One of the most enduring symbols of the '60s counterculture, the Volkswagen Bus, will stop being manufactured by the end of the year. The German-born VW bus is produced in Brazil.
The reason for ending production of this historic and still popular model is new requirements that all vehicles in Brazil must have airbags and anti-lock braking systems. Engineers says this can't be done.
Who knew that the VW bus would become one of the most common cars in Brazil? In the '60s and '70s, American hippies charted courses across the country in their VW camper vans that had a pop top for more space. The '60s model is distinguished by the double front window. Future models had one big front window. VWs also have the engine in the rear. They're famously easy to work on.
For the summer of 1973, my traveling partner Ed Bender purchased a red and white VW bus. We zig-zagged all over that Midwest in the van, often holing up in hotel parking lots for the night.
The summer before that, we hitchhiking all over the country. One of rides came from a VW bus owner in South Dakota. The bus didn't care for hills, so we had to get out and push it over inclines. One time a cop car trailed us so that we wouldn't be endangered.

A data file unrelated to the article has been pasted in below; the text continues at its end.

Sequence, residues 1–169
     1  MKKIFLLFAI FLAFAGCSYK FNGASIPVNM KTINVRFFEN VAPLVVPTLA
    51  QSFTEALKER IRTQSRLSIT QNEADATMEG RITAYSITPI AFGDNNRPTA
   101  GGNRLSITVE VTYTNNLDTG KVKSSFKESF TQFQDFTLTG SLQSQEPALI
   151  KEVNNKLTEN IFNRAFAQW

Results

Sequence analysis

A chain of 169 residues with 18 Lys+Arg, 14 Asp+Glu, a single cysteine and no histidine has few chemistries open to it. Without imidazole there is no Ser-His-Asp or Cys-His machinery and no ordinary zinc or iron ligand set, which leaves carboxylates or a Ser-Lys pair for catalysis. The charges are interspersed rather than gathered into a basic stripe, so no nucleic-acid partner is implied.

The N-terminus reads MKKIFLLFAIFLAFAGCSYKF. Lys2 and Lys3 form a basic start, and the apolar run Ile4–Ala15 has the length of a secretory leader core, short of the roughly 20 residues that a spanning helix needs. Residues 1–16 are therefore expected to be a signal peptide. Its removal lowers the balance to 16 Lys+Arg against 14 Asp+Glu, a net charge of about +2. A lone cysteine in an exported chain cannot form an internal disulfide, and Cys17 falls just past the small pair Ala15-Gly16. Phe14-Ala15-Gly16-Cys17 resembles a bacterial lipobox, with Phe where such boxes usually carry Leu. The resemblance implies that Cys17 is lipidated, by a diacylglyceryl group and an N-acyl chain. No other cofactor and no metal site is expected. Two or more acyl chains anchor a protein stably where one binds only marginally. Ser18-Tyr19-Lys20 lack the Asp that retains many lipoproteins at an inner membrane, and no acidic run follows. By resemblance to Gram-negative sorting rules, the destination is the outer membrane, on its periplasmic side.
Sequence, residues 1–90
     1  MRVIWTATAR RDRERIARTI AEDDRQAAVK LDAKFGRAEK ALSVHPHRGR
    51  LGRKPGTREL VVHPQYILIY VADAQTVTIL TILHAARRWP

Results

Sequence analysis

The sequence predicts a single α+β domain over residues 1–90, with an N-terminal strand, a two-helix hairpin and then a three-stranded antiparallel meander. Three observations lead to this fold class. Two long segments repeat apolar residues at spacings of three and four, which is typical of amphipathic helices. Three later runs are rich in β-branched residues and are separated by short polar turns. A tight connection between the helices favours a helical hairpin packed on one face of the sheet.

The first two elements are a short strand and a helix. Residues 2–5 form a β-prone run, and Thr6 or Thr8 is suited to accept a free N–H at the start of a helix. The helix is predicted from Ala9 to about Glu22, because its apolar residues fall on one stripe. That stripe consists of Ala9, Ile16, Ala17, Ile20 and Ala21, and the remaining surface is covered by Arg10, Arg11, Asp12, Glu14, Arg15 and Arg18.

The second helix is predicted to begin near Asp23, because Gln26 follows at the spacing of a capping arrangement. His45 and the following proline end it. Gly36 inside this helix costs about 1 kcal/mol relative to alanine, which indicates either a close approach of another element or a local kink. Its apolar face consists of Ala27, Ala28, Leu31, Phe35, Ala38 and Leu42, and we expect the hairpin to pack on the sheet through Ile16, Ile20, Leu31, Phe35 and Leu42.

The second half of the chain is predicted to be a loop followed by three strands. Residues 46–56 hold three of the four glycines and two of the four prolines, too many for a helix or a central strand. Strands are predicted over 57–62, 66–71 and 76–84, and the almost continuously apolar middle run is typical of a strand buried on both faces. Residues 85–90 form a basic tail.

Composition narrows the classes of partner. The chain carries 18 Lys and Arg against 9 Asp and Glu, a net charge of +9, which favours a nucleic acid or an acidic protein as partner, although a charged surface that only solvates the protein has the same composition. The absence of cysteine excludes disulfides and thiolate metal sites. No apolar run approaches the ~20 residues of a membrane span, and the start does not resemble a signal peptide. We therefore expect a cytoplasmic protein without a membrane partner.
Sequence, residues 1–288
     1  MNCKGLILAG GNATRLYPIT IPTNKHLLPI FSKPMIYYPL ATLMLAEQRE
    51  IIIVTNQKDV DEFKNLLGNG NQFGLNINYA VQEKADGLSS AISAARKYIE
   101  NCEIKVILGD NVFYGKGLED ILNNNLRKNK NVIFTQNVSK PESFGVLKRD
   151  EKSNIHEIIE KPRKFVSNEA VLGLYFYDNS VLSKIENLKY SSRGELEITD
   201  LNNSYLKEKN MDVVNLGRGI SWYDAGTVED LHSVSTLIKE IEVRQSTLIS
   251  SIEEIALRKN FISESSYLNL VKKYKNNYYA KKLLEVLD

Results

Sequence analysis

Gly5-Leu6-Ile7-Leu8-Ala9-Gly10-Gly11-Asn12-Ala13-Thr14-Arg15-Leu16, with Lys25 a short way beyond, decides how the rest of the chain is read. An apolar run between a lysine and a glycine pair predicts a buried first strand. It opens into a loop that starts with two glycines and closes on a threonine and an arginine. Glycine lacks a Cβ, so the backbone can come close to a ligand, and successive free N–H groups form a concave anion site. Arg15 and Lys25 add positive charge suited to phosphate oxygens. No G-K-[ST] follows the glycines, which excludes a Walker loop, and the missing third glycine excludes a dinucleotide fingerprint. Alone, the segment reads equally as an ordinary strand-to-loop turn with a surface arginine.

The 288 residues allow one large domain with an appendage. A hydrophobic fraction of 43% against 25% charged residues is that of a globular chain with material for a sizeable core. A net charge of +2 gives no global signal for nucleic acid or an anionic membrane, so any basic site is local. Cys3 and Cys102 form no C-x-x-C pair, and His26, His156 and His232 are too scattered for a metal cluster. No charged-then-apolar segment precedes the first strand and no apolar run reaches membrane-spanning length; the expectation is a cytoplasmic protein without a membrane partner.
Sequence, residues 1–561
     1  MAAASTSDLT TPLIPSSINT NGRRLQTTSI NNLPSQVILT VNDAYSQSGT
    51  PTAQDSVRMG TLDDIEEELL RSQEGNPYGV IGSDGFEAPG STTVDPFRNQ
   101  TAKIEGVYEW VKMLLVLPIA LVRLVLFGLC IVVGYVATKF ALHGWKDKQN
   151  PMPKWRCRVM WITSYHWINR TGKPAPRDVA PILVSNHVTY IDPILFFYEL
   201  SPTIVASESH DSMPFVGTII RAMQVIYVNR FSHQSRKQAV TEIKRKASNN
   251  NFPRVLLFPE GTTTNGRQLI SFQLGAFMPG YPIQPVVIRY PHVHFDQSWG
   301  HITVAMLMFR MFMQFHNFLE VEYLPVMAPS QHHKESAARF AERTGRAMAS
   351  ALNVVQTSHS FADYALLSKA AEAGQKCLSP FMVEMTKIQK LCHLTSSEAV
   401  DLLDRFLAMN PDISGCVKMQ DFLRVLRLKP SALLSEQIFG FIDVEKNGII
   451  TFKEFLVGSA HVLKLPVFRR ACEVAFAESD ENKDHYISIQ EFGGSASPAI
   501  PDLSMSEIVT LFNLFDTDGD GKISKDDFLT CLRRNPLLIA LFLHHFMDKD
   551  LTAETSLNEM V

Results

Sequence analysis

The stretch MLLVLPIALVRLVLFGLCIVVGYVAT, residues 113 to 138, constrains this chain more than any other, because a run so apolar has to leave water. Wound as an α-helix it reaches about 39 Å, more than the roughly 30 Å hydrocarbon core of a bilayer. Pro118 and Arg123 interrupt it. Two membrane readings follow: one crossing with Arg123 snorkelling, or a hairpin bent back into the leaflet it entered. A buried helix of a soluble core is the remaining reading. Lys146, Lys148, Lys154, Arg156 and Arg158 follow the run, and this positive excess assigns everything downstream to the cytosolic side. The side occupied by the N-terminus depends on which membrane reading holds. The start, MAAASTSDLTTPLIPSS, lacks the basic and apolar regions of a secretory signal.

In 1990, I rode to the Minnesota Rainbow Gathering in a VW bus with Debby Goldsberry and a bunch of her friends. The bus broke down so many times we hardly made it there.
Anyone who grew up in the '60s and '70s surely has VW bus and "bug" stories. These are just a few of mine.
You can still buy a new VW bus in Brazil at the cost of $20,000 before the end of the year. Otherwise, you'll need to comb the classifieds and eBay to find a good buy for one of these American classics, founded in Germany and built in Brazil. Like I said, who knew?